Quality by Design in Contract Service Relationships - Pharmaceutical Technology

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Quality by Design in Contract Service Relationships

Pharmaceutical Technology
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PharmTech: How has quality by design (QbD) influenced a drug sponsor’s expectations of suppliers?

Andrew Strong, president and CEO, VP business development, Kalon Biotherapeutics: Developing a process using well documented, science- and risk-based approach makes sense for CMOs. The process of evaluating the approach to process development and critical process attributes, provides more comprehensive understanding of the process, and mitigates the risk of failure on scale-up. The FDA is requiring more thoughtful, methodology to process development through a QbD process. When operating on a fee-for-services basis, risk mitigation is critical to profitability. The technologies to allow for design of experiment (DOE)-based approaches to process development have allowed form more experimental approaches without increasing timelines or cost.

John S. Ross, executive vice-president, Metrics Contract Services: The International Conference on Harmonisation has embraced QbD, as have the FDA and its European and Japanese counterparts. Despite finding favor with worldwide regulatory authorities, however, QbD still represents for drug sponsors and CDMOs a challenging approach to quality control. For most companies, QbD implementation is not limiting traditional in process or finished product quality testing. More effective and broader implementation industry-wide will require conversation, collaboration, and work.

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Richard J. Holl, director, pharmaceutical science, Catalent Pharma Solutions: Because of the recent process validation guidance issued by FDA that establishes the agency’s expectation that QbD be incorporated into drug product and process development throughout the development cycle, we have increased interest by our clients on how to incorporate these practices into their programs. However, the practical application of QbD practices to specific drug product and process development is left to individual sponsors and their providers. The degree of effort required in assessing a particular drug product and/or process is somewhat dependent on the compositional and manufacturing complexity associated with the product.

John Sandles, business analyst, Fujifilm Diosynth Biotechnologies: QbD has been used for years at the company and we generally find it customer-specific whether or not QbD awareness is apparent. Pharma and large biotech tend to expect this as standard, but small/medium biotech may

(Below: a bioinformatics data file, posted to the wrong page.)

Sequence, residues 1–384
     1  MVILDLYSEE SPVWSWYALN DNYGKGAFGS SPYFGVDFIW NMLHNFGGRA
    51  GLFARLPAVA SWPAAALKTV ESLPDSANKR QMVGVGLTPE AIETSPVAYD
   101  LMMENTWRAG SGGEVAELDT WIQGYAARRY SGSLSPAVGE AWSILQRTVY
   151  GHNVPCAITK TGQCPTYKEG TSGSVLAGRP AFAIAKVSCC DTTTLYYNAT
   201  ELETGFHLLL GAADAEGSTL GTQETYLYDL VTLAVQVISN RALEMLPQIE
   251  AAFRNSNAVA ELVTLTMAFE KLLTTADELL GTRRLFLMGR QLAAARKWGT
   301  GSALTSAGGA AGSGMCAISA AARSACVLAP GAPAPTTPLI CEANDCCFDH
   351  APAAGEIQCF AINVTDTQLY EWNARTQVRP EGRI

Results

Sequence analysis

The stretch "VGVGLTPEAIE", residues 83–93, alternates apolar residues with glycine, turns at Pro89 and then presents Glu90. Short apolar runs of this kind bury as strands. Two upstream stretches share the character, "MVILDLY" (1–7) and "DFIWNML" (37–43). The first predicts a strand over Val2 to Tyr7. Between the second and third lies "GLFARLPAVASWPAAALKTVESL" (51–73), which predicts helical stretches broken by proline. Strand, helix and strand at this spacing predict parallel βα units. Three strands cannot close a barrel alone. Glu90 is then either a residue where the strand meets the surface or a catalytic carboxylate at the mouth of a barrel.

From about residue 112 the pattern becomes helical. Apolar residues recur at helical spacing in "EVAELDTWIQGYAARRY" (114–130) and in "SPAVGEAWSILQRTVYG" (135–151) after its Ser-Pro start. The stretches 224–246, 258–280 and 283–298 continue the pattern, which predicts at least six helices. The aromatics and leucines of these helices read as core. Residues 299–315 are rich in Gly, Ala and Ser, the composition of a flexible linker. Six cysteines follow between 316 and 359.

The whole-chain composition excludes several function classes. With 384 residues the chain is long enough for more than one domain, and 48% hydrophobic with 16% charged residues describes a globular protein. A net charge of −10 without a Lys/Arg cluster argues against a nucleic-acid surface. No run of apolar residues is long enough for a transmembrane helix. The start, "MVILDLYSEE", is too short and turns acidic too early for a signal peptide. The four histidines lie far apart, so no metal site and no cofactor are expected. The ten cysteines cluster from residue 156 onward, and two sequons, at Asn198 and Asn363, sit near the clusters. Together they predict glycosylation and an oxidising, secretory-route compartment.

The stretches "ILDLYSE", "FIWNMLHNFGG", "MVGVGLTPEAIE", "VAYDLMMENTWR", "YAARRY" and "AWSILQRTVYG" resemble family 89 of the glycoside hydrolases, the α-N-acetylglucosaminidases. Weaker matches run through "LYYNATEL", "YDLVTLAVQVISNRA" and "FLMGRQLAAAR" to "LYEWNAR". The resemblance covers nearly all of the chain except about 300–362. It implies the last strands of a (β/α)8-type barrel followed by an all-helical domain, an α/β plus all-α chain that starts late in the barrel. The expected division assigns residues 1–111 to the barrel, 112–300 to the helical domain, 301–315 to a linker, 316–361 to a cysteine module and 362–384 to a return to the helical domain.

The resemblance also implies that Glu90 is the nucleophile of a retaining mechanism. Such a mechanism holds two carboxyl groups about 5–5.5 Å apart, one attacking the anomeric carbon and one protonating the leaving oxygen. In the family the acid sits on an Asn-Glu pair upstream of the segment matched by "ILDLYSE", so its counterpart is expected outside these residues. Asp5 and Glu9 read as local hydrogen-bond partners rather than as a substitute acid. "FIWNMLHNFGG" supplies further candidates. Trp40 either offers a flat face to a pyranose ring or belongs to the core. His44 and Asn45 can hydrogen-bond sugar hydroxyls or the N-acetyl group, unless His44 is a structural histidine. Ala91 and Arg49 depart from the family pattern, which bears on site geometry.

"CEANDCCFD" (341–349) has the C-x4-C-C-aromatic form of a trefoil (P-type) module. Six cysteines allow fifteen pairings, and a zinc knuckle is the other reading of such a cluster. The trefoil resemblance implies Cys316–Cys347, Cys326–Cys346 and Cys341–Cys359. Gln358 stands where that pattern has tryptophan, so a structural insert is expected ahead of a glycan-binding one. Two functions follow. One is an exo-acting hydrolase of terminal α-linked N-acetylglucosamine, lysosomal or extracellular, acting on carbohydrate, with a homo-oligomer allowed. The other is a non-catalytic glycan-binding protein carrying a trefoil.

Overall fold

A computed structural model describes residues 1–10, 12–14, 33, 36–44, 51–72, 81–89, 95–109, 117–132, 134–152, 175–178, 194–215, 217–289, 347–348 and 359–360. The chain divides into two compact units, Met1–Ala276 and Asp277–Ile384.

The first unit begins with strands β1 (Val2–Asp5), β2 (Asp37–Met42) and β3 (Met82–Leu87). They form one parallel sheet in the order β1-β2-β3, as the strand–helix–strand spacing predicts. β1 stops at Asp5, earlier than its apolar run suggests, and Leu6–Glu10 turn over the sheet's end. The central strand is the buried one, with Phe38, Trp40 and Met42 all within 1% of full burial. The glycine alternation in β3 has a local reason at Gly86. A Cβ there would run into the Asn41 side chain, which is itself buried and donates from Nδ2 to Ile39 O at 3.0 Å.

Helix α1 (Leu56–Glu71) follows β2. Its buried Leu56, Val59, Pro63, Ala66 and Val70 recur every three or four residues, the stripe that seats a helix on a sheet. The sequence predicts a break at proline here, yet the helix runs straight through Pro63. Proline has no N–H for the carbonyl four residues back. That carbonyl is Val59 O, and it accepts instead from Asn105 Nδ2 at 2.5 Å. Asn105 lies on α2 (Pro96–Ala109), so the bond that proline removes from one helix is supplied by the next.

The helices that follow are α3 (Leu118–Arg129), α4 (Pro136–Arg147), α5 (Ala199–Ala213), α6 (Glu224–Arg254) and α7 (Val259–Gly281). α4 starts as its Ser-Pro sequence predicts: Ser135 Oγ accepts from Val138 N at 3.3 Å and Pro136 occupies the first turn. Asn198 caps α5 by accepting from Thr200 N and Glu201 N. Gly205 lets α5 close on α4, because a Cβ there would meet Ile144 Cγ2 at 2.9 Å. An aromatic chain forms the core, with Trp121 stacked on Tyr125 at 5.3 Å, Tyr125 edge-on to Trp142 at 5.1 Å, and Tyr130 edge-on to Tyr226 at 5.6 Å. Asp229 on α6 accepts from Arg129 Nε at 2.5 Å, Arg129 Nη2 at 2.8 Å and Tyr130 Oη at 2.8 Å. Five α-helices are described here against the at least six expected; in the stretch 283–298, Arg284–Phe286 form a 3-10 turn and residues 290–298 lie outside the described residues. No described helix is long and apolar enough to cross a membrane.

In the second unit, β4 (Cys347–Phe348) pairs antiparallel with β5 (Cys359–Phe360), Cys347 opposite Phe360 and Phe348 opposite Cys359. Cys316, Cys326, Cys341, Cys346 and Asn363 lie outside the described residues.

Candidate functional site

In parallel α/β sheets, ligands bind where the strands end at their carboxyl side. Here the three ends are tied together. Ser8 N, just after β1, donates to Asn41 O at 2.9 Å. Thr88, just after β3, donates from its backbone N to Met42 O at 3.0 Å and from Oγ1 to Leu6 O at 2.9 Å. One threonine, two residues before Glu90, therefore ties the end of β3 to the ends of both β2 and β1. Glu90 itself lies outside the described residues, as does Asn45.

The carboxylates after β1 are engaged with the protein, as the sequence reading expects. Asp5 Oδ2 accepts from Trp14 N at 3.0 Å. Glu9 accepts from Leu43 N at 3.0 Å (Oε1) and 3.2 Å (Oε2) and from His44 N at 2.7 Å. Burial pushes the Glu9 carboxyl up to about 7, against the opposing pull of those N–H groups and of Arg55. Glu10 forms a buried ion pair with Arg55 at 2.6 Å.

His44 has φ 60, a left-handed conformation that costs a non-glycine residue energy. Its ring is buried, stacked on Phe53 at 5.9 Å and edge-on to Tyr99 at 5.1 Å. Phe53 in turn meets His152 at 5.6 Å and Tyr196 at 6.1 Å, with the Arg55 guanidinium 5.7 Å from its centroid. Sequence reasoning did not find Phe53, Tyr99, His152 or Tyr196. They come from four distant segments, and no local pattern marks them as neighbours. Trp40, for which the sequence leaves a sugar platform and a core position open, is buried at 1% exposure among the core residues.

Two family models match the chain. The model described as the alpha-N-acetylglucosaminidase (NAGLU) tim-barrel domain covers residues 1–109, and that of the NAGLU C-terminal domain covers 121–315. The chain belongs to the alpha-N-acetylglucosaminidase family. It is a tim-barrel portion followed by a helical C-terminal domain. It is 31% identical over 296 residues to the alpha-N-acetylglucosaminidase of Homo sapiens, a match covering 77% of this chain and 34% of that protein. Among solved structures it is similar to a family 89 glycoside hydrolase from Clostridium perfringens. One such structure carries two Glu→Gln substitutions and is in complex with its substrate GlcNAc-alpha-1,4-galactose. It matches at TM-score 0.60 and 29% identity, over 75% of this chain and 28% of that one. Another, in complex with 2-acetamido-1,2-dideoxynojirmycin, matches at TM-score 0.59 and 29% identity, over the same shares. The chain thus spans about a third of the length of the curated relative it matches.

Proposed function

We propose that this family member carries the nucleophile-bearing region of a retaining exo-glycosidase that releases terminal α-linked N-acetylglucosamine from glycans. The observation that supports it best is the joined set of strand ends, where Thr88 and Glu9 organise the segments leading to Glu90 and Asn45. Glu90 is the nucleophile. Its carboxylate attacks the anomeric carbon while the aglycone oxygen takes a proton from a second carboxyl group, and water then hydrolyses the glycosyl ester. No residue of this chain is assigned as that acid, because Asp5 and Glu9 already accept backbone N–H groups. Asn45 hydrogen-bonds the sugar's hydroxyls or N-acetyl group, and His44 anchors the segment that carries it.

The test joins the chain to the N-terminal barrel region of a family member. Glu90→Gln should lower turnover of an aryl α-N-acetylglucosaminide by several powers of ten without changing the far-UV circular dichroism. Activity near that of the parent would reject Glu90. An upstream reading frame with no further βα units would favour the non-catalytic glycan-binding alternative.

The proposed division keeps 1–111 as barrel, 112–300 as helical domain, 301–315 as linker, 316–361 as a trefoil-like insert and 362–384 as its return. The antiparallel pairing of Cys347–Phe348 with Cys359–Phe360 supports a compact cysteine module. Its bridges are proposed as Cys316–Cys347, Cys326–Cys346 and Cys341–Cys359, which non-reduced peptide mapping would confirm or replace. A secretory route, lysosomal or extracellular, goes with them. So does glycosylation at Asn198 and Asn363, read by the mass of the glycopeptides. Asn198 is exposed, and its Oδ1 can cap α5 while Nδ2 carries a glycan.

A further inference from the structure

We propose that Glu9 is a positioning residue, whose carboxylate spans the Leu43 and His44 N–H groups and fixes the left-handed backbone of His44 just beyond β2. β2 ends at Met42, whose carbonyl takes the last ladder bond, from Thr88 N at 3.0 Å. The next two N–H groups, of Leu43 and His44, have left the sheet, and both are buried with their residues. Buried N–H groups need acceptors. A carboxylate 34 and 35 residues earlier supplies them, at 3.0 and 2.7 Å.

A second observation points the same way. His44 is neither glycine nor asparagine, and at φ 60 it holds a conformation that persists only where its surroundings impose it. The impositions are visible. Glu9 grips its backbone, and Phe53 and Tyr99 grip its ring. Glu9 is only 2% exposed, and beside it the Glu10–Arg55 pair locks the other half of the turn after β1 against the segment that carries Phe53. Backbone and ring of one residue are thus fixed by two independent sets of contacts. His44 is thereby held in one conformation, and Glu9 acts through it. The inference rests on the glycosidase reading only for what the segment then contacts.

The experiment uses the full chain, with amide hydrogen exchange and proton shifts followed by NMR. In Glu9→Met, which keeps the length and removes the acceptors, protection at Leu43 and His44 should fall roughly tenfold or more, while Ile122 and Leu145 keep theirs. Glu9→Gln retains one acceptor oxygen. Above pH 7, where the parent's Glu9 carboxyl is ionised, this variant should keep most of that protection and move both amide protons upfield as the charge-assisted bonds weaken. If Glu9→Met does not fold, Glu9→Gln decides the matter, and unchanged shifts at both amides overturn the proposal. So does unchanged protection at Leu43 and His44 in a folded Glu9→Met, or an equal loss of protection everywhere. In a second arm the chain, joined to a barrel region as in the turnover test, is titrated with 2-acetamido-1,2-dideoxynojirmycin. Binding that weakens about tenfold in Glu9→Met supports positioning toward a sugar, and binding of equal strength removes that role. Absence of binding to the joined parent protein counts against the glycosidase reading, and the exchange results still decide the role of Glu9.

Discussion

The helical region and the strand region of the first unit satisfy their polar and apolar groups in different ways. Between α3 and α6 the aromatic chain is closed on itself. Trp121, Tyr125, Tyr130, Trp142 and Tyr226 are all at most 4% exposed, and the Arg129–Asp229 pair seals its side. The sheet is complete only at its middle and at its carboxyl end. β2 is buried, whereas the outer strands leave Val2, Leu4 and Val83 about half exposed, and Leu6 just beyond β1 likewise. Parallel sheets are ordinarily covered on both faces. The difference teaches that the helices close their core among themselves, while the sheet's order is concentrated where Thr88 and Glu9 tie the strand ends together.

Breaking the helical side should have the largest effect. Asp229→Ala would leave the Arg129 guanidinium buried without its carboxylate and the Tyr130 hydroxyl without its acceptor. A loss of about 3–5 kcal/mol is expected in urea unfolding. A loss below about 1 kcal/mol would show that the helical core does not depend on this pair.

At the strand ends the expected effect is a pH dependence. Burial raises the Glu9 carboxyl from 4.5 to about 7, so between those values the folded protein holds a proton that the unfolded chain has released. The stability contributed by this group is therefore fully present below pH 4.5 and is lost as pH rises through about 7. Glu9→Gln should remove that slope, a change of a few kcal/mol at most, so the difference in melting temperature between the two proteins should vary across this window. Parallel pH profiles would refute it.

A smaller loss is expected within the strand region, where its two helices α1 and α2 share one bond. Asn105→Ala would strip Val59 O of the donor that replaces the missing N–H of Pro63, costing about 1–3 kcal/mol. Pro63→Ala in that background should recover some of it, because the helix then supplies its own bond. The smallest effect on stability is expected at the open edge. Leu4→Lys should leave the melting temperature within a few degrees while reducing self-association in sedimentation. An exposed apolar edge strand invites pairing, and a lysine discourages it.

be less aware of the advantages. We would encourage them to select a CDMO that offers QbD as standard as this will make the process more scalable and commercially attractive.

Wendy Saffell-Clemmer, director, R&D, Baxter BioPharma Solutions: Drug sponsors expect product development organizations to have an understanding of QbD principles and incorporate design of experiment factorial designs into formulation development as well as design space principles in process development. BPS has developed a novel QbD approach to the definition of the primary drying stage of lyophilization, which provides a safe zone of operation bounded by equipment capability and shelf temperature. Benefits of this approach may include faster process development and better process optimization.  

Praveen Raheja, associate director, formulations, Dr. Reddy’s CPS: QbD is a concept that has recently been made mandatory by the FDA. The drug sponsor expects QbD to be built into the drug product development or drug process development. CPS has implemented the concept into the development of many of its products. The expectation is that if QbD is built into the process from the beginning it will provide a product that is more robust and reproducible.

Franco Negron, vice-president, N. America operations and integration, Patheon: QbD is now a normal expectation for drug product development, whether you are a drug sponsor or a CMO. Design of experiments is routinely used to understand the product and process characteristics. The challenge is to balance the amount of development work versus the cost and sometimes limited amount of API available. At the same time, there is always pressure to get products to market as quickly as possible.

Paul Skultety, vice-president, pharmaceutical development services, Xcelience: Sponsors are looking to work with people who can put into practice quality-by-design principles in all of their development work. They expect a high level expertise not only scientifically but also in global regulations. More and more clinical studies will be done in the United States and abroad. The work has to be scientifically sound and meet all regulations.

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